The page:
Earlier this month, the US Treasury Department sanctioned cryptocurrency mixing service Tornado Cash, alleging it laundered funds for entities deemed national threats to America.
The Treasury Department’s Office of Foreign Assets Control (OFAC) has identified the following entities: the Tornado Cash organization on GitHub, the tornado.cash website, RPC nodes operated by Ethereum infrastructure providers Alchemy and Infura, $USDC on Tornado Cash contracts with CirclePay, and about 40 Ethereum blockchain addresses that offer virtual currency mixing under the Tornado Cash smart contract application.
Based on the interpretation of those sanctions, GitHub, owned by Microsoft, closed the user accounts of three people who contributed code to the project and deleted the Tornado Cash account along with the source code in the repository.
While none of the three developers have been named to the OFAC’s SDN list, they appear to be wanted by financial crime detectives: one of the three, Tornado Cash developer Alexey Pertsev, was subsequently arrested in Amsterdam by the Dutch police. Police.
Forks of the open source Tornado Cash software have remained on GitHub, and on Monday Matthew Green, a cryptography professor at Johns Hopkins University, published a new fork of the software with the support of the Electronic Frontier Foundation (EFF).
Both Green and Kurt Opsahl, deputy executive director and general counsel of the EFF, previously expressed concerns about the removal of source code by GitHub, arguing that code is speech and that GitHub has suppressed speech by shutting down the Tornado Cash repository. to change gear.
Green says the fork he’s published exists to test whether removing code is ever the right response to sanctions. He says if GitHub removes the code, the EFF will challenge that decision in court.
“In my work as a researcher and instructor at Johns Hopkins, I have made extensive use of Tornado Cash and Tornado Nova source code to teach concepts related to cryptocurrency privacy and zero-knowledge technology,” Green wrote in a commentary. are tornado repositories repo.
“My students have built great projects with the code. The loss or reduced availability of this source code will be detrimental to the scientific and engineering communities.”
He also said he objects to GitHub’s decision to remove the Tornado Cash repo, a decision he attributes to GitHub’s risk mitigation based on the OFAC order. The problem is that the OFAC order is not clear.
Let’s get some clarity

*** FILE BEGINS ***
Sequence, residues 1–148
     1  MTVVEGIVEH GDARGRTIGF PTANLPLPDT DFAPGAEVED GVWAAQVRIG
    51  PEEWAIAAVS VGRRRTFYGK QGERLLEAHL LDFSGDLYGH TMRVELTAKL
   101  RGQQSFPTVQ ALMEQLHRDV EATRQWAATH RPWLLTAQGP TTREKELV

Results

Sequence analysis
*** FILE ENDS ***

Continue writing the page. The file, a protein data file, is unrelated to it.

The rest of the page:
As the EFF explains in a blog post, the OFAC refers to “Tornado Cash” as both a technology and a sanctioned entity. It is the name of the open source project published on GitHub account, of a smart contract application that runs autonomously on the Ethereum blockchain, a website and a number of people involved in creating the currency mixing software.
The EFF said it has asked OFAC to clarify what it means by “Tornado Cash,” but as of Tuesday, a spokesperson said the organization has heard nothing. The register also contacted the Treasury Department for comment and we have not received a reply yet either.
The advocacy organization acknowledges that the government has a legitimate interest in taking action against ransomware and foreign hacking groups, but states that those interests are not served by making the Tornado Cash source code unavailable. The EFF said its main concern is GitHub’s decision to delete the Tornado Cash repo and the accounts of key contributors to the project.
“While GitHub has its own right to decide what happens on its platform, the disappearance of this source code from GitHub after government action created the specter of government action that cooled the publication of this code,” the group said. .
The register asked GitHub to comment on what Green has been up to and whether GitHub plans to bring down the Tornado Cash fork(s).
A GitHub spokesperson replied with a link to the company’s trade control policy and an answer that didn’t answer these questions.
“GitHub’s vision is to be the global platform for collaboration with developers, and we strive to make open source code as widely accessible as possible while adhering to U.S. trade laws,” a spokesperson said in a statement by email. e-mail. “We are thoroughly investigating government sanctions to ensure that users and customers are not affected beyond what is required by law.” ®